United States District Court, W.D. North Carolina, Charlotte Division
JEFFERY D. GREEN, Plaintiff,
NANCY A. BERRYHILL, Acting Commissioner of Social Security, Defendant.
J. Conrad, Jr. United States District Judge
MATTER is before the Court on the parties' cross
Motions for Summary Judgment, (Doc. Nos. 10, 14), and the
parties' briefs and exhibits in support. The motions are
ripe for adjudication.
D. Green (“Plaintiff”) seeks judicial review of
Nancy A. Berryhill's (“Defendant” or
“Commissioner”) denial of his social security
claim. Plaintiff filed an application for Disability
Insurance Benefits under Title II of the Social Security Act
(“SSA”) on June 5, 2013, alleging a disability
onset date of June 1, 2012. (Doc. Nos. 9 to 9-1:
Administrative Record (“Tr.”) 175). His
application was denied first on June 21, 2013, (Tr. 120), and
upon reconsideration on April 4, 2014. (Tr. 125). Plaintiff
filed a timely request for a hearing on May 27, 2014, (Tr.
129), and an administrative hearing was held by an
administrative law judge (“ALJ”) on April 27,
2016. (Tr. 53).
this hearing, the ALJ found that Plaintiff was not disabled
under the SSA. (Tr. 36-52). Plaintiff requested a review of
the ALJ's decision, but the Appeals Council denied
Plaintiff's request for a review. (Tr. 1). After having
exhausted his administrative remedies, Plaintiff now seeks
judicial review of Defendant's denial of his social
security claim in this Court.
question before the ALJ was whether Plaintiff was disabled
under Sections 216(i) and 223(d) of the SSA. (Tr. 36). To
establish entitlement to benefits, Plaintiff has the burden
of proving that he was disabled within the meaning of the
Bowen v. Yuckert, 482 U.S. 137, 146 n.5 (1987).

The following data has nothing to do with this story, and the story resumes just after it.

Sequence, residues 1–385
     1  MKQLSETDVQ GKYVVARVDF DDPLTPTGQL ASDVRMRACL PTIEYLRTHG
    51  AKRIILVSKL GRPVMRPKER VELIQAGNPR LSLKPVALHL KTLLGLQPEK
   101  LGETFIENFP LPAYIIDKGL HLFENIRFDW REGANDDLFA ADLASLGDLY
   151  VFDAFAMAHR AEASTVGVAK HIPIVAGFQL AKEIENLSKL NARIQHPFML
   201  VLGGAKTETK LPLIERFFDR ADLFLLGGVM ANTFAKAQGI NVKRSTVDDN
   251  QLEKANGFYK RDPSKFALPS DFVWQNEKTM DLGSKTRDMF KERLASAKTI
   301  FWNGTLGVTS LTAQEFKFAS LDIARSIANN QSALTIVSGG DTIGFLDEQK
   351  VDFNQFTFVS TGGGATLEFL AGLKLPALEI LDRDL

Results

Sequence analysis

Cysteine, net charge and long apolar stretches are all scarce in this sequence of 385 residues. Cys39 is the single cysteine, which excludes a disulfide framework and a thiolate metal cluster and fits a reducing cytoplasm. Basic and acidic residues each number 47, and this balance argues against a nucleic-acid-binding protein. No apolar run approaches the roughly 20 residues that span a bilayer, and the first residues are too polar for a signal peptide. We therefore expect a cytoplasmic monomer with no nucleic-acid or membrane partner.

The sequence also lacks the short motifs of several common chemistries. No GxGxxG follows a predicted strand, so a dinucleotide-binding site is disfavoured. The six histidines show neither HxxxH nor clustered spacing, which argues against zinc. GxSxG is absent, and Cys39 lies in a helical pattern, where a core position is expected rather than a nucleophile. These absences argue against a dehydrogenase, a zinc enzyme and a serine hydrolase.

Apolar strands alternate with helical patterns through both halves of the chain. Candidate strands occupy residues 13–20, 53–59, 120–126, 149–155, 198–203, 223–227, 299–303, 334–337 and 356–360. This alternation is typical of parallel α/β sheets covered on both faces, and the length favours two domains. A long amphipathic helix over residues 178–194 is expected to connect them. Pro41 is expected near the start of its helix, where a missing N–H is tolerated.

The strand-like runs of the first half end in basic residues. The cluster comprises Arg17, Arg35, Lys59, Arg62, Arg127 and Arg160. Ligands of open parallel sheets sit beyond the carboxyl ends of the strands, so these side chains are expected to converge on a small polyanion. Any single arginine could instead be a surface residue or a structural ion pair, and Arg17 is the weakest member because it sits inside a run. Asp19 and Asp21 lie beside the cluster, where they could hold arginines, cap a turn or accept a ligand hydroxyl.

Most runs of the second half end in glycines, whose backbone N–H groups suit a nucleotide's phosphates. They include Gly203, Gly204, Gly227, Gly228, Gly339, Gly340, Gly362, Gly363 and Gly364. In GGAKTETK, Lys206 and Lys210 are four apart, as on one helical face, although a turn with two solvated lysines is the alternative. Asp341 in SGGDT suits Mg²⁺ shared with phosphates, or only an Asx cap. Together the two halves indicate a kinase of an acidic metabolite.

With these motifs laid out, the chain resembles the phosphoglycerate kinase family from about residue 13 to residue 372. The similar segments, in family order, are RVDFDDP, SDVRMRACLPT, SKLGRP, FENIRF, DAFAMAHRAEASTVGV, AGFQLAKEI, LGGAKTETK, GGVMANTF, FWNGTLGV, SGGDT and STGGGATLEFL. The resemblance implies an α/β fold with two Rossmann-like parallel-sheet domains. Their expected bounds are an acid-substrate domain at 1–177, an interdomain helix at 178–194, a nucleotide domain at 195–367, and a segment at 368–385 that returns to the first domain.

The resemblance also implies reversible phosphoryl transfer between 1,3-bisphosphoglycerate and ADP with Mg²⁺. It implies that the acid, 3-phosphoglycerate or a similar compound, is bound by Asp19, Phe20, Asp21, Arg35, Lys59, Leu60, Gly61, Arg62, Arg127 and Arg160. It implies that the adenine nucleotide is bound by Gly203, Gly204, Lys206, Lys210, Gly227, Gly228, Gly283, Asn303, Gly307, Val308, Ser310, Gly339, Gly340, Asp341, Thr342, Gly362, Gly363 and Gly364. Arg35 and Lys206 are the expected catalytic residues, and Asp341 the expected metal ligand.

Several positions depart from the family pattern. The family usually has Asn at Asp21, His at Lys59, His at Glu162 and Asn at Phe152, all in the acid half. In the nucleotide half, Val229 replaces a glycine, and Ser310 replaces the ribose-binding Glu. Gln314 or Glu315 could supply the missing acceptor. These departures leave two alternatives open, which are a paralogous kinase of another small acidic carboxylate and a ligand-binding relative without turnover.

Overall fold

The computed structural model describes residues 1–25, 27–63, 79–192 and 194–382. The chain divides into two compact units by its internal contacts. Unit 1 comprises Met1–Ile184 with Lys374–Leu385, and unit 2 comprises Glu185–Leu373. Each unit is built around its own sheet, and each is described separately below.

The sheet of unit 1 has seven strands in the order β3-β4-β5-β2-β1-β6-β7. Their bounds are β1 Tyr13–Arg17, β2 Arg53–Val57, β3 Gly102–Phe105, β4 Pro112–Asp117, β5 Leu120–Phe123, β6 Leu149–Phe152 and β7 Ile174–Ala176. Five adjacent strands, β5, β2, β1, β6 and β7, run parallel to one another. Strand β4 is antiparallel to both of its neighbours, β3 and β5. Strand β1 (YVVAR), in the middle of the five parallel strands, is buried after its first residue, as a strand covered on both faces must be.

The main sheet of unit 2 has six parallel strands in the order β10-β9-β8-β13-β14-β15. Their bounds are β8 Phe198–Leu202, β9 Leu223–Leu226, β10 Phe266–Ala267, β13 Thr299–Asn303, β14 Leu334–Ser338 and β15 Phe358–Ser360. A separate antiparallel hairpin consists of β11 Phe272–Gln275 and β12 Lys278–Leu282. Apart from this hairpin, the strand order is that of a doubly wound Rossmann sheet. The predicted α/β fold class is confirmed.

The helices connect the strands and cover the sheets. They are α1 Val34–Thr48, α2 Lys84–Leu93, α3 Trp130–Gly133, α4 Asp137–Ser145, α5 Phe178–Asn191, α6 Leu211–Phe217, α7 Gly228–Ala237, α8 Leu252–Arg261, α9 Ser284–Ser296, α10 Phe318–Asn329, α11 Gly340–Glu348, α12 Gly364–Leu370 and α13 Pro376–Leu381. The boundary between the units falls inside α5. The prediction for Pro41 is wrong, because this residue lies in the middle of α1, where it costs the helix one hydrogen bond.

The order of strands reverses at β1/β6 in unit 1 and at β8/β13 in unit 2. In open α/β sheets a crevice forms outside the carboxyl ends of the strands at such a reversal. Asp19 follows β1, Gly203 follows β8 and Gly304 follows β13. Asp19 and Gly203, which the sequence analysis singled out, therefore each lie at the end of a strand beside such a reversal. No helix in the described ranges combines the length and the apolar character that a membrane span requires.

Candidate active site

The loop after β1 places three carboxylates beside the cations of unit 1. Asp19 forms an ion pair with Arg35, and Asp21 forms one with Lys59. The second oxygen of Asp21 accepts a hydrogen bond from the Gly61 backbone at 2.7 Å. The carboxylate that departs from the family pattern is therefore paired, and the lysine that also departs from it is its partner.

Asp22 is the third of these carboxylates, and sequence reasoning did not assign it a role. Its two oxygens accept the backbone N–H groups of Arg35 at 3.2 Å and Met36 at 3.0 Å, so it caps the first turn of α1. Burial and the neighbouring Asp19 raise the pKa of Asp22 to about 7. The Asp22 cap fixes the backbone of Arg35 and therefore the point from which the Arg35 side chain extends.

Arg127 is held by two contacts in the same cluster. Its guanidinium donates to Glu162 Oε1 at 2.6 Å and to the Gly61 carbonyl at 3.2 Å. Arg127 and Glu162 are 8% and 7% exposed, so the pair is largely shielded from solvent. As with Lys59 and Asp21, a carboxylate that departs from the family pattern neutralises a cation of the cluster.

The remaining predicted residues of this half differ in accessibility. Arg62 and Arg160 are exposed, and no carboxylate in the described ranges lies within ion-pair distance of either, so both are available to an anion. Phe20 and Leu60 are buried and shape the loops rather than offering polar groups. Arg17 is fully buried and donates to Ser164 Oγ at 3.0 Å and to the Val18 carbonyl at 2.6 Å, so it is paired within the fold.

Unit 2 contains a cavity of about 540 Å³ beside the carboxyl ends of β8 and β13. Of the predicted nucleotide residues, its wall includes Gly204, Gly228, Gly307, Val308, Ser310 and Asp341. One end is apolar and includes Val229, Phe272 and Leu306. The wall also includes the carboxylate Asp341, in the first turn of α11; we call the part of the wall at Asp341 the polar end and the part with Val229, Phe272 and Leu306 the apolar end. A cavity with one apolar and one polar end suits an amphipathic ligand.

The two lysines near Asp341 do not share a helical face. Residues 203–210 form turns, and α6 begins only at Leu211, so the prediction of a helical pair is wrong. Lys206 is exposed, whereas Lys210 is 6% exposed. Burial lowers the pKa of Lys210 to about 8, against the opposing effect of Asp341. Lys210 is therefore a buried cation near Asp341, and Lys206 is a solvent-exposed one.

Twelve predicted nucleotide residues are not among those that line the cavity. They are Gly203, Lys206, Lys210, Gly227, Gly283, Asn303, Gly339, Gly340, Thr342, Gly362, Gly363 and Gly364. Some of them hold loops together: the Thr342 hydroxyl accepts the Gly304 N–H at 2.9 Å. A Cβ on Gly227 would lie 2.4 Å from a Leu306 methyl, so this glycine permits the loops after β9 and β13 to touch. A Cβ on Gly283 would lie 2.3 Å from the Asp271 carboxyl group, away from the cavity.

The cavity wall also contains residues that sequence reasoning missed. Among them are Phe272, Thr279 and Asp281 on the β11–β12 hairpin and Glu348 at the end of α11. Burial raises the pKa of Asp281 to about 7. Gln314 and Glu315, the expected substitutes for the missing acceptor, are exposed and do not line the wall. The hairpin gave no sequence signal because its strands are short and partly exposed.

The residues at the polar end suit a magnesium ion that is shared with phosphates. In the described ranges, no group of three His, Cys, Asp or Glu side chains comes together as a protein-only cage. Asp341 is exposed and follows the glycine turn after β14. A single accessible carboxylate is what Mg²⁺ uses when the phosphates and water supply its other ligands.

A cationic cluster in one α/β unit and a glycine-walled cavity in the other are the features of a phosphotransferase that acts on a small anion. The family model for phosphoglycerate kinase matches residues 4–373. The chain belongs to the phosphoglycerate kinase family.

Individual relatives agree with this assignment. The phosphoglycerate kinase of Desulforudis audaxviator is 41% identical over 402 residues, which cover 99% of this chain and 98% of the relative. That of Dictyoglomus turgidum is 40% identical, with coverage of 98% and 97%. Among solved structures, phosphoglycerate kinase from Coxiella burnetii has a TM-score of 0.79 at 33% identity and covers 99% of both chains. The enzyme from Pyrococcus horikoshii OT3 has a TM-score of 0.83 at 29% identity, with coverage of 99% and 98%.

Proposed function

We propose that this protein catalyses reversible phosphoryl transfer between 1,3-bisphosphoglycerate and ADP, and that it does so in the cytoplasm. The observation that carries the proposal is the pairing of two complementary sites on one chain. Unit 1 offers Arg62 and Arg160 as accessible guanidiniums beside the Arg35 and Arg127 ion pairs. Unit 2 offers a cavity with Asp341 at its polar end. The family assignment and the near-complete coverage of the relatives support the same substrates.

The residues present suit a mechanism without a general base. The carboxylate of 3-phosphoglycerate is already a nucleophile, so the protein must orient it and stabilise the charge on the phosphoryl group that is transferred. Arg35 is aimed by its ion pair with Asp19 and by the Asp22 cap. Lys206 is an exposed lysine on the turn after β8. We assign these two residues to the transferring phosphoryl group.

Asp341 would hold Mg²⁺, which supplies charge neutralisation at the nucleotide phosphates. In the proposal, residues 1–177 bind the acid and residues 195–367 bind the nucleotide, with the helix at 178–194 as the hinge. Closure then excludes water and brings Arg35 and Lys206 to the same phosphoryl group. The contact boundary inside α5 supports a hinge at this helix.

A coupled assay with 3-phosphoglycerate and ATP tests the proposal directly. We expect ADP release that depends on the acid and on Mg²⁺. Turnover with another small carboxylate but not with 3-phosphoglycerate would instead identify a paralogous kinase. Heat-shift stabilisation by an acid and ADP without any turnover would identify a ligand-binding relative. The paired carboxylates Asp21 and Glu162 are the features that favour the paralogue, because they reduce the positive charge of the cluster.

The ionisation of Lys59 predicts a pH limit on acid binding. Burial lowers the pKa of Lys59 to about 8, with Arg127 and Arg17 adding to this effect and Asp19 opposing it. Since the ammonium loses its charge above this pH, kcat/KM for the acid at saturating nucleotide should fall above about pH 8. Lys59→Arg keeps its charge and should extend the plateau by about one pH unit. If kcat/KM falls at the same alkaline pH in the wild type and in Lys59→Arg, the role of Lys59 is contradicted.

Plaintiff alleges that his disability began on June 1, 2012,
due to a combination of physical and mental
reviewing Plaintiff's record and conducting a hearing,
the ALJ found that Plaintiff did not suffer from a disability
as defined in the SSA. (Tr. 47). In reaching his conclusion,
the ALJ used the five-step sequential evaluation process
established by the Social Security Administration for
determining if a person is disabled. The Fourth Circuit has
described the five-steps as follows:
[The ALJ] asks whether the claimant: (1) worked during the
purported period of disability; (2) has an impairment that is
appropriately severe and meets the duration requirement; (3)
has an impairment that meets or equals the requirements of a
listed impairment and meets the duration requirement; (4) can
return to [his] past relevant work; and (5) if not, can
perform any other work in the national economy.
Radford v. Colvin, 734 F.3d 288, 290-91 (4th Cir.
2013) (paraphrasing 20 C.F.R. §§ 404.1520(a)(4),
416.920(a)(4)). The claimant has the burden of production and
proof in the first four steps. Pearson v. Colvin,
810 F.3d 204, 207 (4th Cir. 2015). However, at the fifth
step, the Commissioner must prove that the claimant is able
to perform other work in the national economy despite his
limitations. See id.; see also 20 C.F.R.
§ 416.960(c)(2) (explaining that the Commissioner has
the burden to prove at the fifth step “that other work
exists in significant numbers in the national economy that
[the claimant] can do”). In this case, the ALJ
determined at the fifth step that Plaintiff was not disabled.
reaching his decision, the ALJ first concluded at steps one
through three that Plaintiff was not employed, that he
suffered from severe physical and mental impairments, and
that his impairments did not meet or equal any of the
impairments listed in the Administration's regulations.
(Tr. 38-41). Therefore, the ALJ examined the evidence of
Plaintiff's impairments and made a finding as to
Plaintiff's Residual Functional Capacity
(“RFC”). The ALJ found that Plaintiff
has the [RFC] to perform light work . . . except he can only
perform handling and fingering frequently bilaterally; he
must be allowed to alternate between sitting and standing at
30 minute intervals; he can only occasionally reach overhead
bilaterally; he can only occasionally climb ladders or
scaffolds; he can only occasionally stoop; he can frequently